When I was about ten years-old, my mother brought me to my first CCD class. I came home from that experience and declared that I was no longer a Catholic.
To my mother’s credit, she accepted this declaration but told me that I needed to have some kind religion in my life.
So began the process of allowing her son to choose his religion.
She brought me to several churches in the area over the next few weeks, allowing me to experience services at each one. I ultimately chose a Protestant Congregationalist church in my hometown because of it was the most basic, stripped down version of religion that I could find.
The minister also addressed the children during the service with a sermon of their own.
Just imagine: A parent not imposing her own beliefs upon her child.
It’s hard to fathom.
Unfortunately, religion did not stick with me. Today I am a reluctant atheist who would love to believe in a higher power but who finds himself unable to do so.
This is essentially how I felt when I was ten years-old, so little has changed since then.
I can’t help but think that had I been choosing a religion today, however, the choices would’ve been much more interesting.
There is The Church of the Flying Spaghetti Monster, of course, which worships the Flying Spaghetti Monster and strongly opposes the teaching of creationism in public schools. I actually own the Gospel of the Flying Spaghetti Monster and have read it cover-to-cover at least twice and find it quite compelling, and I’m considering becoming an ordained minster of the Church, even though I am also an ordained minister of the Universal Life Church.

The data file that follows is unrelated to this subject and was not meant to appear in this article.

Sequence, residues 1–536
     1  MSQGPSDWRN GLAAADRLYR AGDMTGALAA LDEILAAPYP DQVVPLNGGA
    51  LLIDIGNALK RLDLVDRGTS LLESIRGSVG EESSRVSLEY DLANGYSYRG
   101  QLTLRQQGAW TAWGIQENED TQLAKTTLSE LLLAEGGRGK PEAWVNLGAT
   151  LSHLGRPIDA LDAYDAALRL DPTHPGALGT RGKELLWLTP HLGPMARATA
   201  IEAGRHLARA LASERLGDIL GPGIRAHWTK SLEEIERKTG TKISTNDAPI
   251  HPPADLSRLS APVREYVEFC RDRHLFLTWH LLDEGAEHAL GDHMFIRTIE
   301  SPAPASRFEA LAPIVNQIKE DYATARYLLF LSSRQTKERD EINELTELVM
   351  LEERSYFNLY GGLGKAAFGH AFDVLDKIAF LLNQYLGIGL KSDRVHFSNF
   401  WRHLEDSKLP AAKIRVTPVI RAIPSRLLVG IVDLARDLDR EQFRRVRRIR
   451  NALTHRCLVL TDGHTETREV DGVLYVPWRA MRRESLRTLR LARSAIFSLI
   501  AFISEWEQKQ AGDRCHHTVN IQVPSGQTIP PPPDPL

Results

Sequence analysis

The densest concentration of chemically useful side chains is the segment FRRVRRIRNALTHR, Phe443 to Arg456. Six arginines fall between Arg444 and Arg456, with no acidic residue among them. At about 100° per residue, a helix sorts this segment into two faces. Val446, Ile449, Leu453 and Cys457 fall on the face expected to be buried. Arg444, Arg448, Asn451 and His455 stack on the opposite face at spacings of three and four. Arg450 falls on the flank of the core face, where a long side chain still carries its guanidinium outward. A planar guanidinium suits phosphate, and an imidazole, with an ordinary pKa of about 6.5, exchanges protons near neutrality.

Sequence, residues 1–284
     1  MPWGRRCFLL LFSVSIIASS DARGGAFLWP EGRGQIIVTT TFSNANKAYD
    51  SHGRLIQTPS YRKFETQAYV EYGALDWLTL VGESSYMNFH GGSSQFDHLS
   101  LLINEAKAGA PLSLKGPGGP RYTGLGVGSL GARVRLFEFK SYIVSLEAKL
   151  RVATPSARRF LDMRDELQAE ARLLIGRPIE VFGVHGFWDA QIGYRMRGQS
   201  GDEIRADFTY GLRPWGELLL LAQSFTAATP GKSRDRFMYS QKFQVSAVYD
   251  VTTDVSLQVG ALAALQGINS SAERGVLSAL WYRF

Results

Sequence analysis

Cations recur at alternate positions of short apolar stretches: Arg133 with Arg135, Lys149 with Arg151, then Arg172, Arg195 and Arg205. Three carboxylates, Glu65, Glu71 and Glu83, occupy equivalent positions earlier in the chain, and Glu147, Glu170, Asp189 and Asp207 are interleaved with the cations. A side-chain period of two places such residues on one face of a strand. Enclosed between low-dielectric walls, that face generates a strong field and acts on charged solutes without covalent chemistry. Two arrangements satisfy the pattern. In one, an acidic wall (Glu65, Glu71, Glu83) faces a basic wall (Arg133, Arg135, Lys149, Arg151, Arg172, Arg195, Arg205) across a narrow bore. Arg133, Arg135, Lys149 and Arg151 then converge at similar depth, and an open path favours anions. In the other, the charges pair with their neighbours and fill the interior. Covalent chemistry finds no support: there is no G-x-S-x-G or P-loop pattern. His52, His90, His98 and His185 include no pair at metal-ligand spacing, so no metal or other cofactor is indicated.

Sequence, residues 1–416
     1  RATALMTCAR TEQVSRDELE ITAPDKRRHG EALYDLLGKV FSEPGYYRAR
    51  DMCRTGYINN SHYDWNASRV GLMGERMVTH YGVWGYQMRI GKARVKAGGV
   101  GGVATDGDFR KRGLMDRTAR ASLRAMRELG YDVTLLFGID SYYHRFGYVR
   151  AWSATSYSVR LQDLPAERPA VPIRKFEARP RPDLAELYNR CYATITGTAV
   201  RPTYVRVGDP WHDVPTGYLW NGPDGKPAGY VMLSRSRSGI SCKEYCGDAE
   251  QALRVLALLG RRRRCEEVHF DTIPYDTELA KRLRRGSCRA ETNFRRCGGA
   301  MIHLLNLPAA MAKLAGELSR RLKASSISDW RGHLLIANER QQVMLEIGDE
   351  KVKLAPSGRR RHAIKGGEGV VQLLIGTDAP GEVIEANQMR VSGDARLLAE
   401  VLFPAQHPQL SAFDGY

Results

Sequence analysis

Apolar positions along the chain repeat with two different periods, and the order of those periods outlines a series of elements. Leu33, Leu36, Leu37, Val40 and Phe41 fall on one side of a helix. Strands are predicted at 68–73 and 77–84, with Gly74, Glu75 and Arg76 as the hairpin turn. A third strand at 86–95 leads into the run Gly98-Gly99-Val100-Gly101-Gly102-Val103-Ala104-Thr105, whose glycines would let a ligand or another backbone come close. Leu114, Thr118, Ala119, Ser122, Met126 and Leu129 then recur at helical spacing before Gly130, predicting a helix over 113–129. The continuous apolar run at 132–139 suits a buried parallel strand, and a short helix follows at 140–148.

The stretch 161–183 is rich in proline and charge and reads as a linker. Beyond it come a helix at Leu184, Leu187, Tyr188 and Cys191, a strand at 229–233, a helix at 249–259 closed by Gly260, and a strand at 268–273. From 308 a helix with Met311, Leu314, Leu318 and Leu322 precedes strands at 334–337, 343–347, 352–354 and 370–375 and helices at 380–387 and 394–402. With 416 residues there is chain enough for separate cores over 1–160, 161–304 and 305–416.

Then there is the Jedi Church, based upon the philosophy espoused in the Star Wars films which purports that there is one all powerful force that binds all things in the universe together. It may sound silly, but it’s currently the largest alternative religion in the world and the seventh most popular religion in the UK ,with hundreds of thousands of followers worldwide.
Had The Church of the Flying Spaghetti Monster or The Jedi Church existed when I was ten years-old, I might have been slightly more excited about my search for religion.
And now there is a theology class at Rutger’s University which studies the work of Bruce Springsteen. While not an actual religion (yet!), I would’ve loved the opportunity to study the work of my favorite musician in a religious context.
Who knows? Had this class existed when I was younger, maybe I could’ve founded the first Church of Thunder Road.